FOREWORDThe early industries in America generally were establishedwhen and where demands for the products of industry arose. Mostof the early industries were so located that their increasing requirements for transportation, raw materials, market, labor, andwater supply could be satisfied economically. Many of these original plant locations have continued as modern industrial centersand their output has increased manyfold in meeting the demandsof our growing Nation. The recent and current industrial expansion and the trend toward the growth of chemical industries, manyOf which are heavy users of water, has resulted in a tremendousincrease in the total withdrawal of water for industrial use aswell as a large increase in the per capita use of water. This increase in industrial water requirement has strained the capacityof the developed water supplies in many areas, and in some instances the adequacy of the potential water supplies is questionable.The Geological Survey is engaged in preparing and publishing aseries of reports describing the developed and undeveloped waterresources of many important industrial areas. This work wasstarted initially at the requestofthe National Securities ResourcesBoard as a means to insure that water supplies are adequate forour rapidly expanding industrial development. Although manyfactors contribute to establishing the feasibility or even the limitsof future industrial development, the one relating to available water supply is extremely important. A knowledge of the water requirements of various industries is valuable therefore in planningthe logical development in any area where water supply is acritical factor. Thus far very little suitable information on thewater requirements of our major industries is available forgeneral planning. An inventory of unit water-use values in industry therefore would be generally helpful and also might tend tostimulate water-conservation methods.To obtain such information, investigations are being made regarding the water requirements of a number of important industries. This report, describing the water requirements of the pulpand paper industry, is the first of a series of reports by the Geological Survey on industrial water requirements.Modern industrial plants involve large capital investments, andmany of them require immense quantities of water for processingIII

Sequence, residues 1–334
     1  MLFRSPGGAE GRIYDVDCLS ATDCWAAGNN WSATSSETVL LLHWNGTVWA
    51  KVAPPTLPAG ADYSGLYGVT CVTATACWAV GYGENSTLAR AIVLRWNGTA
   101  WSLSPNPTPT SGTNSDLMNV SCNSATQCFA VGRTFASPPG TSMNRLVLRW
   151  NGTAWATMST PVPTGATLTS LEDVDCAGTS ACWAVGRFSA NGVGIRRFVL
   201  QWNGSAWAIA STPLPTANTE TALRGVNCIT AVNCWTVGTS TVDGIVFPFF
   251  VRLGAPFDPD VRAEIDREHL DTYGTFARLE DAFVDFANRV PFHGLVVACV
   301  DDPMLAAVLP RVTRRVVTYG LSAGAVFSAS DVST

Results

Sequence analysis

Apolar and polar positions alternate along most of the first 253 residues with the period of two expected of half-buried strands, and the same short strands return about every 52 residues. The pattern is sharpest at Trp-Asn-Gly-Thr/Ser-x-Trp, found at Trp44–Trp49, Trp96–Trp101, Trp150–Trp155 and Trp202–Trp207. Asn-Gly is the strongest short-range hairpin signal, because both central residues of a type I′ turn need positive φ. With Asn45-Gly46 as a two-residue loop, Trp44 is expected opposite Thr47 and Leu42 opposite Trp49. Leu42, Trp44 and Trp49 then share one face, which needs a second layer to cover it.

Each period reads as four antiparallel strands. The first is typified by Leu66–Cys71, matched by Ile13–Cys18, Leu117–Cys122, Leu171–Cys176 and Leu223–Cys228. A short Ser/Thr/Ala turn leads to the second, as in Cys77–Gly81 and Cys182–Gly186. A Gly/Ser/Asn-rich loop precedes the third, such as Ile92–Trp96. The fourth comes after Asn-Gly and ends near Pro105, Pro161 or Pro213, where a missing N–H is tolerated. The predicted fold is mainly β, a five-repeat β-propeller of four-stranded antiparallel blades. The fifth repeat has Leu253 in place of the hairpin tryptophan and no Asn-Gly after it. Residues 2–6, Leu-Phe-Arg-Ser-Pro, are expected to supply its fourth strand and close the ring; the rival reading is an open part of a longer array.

IVWATER REQUIREMENTS OF SELECTED INDUSTRIESpurposes, not only for current operation demands but also forpossible future expansion. It is obvious, therefore, that an adequate supply of suitable water is of primary importance in the location of new plants. As the industrial development of the countryprogresses, the more favorable sites are becoming increasinglydifficult to obtain. These reports describing the water requirements of various industries should be helpful in locating potentialindustrial sites. If they are used in connection with the inventoriesof developed and potential water resources of the selected industrial areas, they should be particularly helpful in planningfuture industrial development. A special application of the available information would be in planning the establishment of largewater-using industries in connection with defense mobilization.This report reviews briefly the entire process of making pulpand paper in order to demonstrate how water enters /into thevarious manufacturing methods, and show the requirements foruse and the potentialities for reuse of water in the process.C. G. PaulsenChief, Water Resources Division